Whitetail deer: A mystery of the dark

Whitetail deer masterfully elusive in avoiding detection by humans, infrared cameras

Scripps Howard News ServiceDecember 13, 2012 

When I moved to Hardeman County, Tenn., last year, one of the first things I did was hang an infrared trail camera on a pine tree in the little patch of woods behind my house.

I’ve gotten enough photos of several small whitetail deer that I recognize them instantly and could call each by name if I wanted.

But when I checked the camera last week, I had two pictures of a deer I didn’t recognize – and one I certainly didn’t know was there.

It was a nice seven-point buck with a thick neck, broad shoulders and a really impressive antler spread. Most likely it was a 3-year-old deer who could be a genuine Boone & Crockett trophy within a couple of years.

This deer has been roaming around on a tiny piece of property.

I almost can see the trail camera from my living room window, and I can see several houses from where the camera is hung.

How a deer can stay hidden in such a spot is a question that has been pondered since deer hunting became a sport – and one that still causes a lot of hunters to scratch their heads.

Whitetail deer are one of the smartest, most cautious and most elusive games species, and the ones who live to be big bucks usually are the best of the best. It is hard enough to pin them down when they’re 2 years old. When 3 and 4 years old, they’re like secret agents for the CIA. When 5 and 6 years old, they’re like ghosts.

One of the biggest deer I’ve seen killed in a long time was the 220-inch Fayette County buck taken by Tommy Springer on the opening day of Tennessee’s modern gun season last month.

Springer is a hardcore deer hunter and land manager – and like many people who fit that description, he has infrared trail cameras hanging all over his property to help keep tabs on his herd. But before that gigantic deer stepped into his shooting range, Springer had no idea it existed. As massive and impressive as it was, the deer managed to live five years without being seen by a human or stepping in front of all those cameras that take pictures automatically.

Tom Matthews, the co-owner of Memphis, Tenn.-based Avery Outdoors, showed me a picture several years ago of an amazing whitetail buck he had nicknamed “Otto.” It was like something you would expect to find in Saskatchewan, Canada, and one that likely would have ranked among the all-time best ever killed in this part of the world.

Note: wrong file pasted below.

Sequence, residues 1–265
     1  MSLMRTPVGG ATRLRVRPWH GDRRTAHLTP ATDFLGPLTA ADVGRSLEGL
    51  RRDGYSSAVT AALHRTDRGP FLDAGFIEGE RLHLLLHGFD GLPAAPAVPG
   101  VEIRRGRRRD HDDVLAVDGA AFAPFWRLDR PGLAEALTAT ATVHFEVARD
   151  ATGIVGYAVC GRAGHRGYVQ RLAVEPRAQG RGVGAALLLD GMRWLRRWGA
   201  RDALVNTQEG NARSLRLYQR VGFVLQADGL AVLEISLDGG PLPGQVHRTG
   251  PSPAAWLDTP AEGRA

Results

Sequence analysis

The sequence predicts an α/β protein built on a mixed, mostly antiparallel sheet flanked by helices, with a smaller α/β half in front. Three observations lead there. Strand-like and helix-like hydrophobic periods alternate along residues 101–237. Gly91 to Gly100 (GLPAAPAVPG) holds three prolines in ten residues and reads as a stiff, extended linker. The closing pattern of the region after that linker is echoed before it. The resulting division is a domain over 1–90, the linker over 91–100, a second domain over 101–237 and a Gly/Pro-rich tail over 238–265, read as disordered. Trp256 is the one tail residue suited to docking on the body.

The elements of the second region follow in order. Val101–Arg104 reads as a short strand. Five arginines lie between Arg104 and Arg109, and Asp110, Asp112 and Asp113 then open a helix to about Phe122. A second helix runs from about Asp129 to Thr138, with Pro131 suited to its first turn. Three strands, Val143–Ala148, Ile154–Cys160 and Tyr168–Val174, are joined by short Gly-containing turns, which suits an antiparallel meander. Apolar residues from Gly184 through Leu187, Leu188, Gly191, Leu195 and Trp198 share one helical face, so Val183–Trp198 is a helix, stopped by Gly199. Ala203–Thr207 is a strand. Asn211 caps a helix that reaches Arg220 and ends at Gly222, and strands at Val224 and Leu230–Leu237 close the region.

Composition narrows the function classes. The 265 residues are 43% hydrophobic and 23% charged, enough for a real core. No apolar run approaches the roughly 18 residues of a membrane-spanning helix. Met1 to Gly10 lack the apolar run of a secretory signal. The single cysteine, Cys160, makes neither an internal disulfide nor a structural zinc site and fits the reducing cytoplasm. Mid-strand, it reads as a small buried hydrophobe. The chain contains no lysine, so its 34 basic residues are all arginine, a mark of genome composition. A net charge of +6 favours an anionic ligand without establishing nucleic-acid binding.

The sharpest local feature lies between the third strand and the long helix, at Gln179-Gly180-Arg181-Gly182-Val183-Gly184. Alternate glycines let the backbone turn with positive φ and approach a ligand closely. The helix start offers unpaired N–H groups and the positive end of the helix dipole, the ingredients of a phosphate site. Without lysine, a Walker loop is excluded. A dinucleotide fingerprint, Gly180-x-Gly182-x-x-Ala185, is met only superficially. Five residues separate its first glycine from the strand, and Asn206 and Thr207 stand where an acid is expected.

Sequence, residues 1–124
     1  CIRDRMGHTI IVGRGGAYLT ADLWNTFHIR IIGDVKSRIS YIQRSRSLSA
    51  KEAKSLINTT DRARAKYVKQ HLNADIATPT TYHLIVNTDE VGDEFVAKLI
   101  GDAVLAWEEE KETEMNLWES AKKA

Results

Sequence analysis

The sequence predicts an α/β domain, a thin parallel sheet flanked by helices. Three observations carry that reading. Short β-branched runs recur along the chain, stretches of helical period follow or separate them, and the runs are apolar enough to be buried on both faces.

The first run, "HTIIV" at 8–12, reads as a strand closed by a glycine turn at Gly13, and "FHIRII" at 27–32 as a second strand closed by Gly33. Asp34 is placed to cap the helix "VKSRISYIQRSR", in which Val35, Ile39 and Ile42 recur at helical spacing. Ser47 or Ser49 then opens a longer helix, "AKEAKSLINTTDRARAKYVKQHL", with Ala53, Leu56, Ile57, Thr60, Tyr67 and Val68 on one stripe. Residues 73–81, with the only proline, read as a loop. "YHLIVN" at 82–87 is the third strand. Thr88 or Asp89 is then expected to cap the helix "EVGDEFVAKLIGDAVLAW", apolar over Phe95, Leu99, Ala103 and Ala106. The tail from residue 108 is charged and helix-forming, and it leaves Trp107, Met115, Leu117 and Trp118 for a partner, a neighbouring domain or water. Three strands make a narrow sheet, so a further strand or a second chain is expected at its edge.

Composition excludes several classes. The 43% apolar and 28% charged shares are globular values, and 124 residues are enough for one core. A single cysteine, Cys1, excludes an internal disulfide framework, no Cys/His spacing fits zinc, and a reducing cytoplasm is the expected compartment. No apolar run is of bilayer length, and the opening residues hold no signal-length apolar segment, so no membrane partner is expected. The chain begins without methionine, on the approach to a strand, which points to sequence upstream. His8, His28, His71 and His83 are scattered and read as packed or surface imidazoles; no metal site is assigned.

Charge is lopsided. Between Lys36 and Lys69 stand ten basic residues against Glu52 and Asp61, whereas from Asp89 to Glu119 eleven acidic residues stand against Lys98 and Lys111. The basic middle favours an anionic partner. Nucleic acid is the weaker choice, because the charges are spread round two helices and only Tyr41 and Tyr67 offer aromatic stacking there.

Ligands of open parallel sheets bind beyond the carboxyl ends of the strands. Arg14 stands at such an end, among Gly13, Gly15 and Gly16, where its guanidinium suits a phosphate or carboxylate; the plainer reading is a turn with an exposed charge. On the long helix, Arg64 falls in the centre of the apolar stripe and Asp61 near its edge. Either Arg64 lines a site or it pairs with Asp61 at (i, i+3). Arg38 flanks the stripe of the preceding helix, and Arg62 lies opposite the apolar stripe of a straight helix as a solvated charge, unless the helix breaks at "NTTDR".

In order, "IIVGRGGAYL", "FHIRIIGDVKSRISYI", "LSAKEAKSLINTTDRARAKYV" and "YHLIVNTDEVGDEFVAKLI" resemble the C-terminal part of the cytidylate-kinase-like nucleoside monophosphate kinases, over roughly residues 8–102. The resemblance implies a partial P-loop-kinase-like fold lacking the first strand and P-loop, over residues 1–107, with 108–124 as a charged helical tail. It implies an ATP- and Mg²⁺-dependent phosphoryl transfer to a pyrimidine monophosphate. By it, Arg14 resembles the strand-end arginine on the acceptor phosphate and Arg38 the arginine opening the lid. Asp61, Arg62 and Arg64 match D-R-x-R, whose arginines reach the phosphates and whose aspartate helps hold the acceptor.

He got one picture of the deer and never saw it again.

He thinks it is unlikely the deer was killed by a hunter on a neighboring piece of land because a buck like that creates a buzz and he would have heard about it. He figures it probably just died of old age.

I’ve heard a lot of anti-hunters say the main reason they dislike the sport is because the deer aren’t armed.

That’s true; they’re not armed. But they’re far from helpless.

Whitetails have an incredible sense of smell that allows them to detect predators from several hundred yards away.

When humans go into the woods to hang or check an infrared trail camera, they leave scent with every step. The biggest, smartest deer avoid that scent and thus, avoid having their pictures taken.

Despite what some think, deer aren’t mindless drones wandering the woods.

In addition to using scent as a means for detecting humans, deer develop travel and feeding strategies that give them the best chance for survival.

A lot of the trail-camera photos of big, husky whitetail bucks are taken at night because those deer have patterned the humans around them.

I’ve gotten hundreds of daytime pictures of does on my backyard camera, but the only two photos of the big buck were snapped between 4 and 5 a.m.

In one photo, the deer is sticking its tongue out at the camera.

Keep all this in mind the next time you go into the woods.

It doesn’t matter what you’ve seen with your two eyes or what was on the SD card the last time you checked your trail cam.

The best deer often are the ones you never knew were there.

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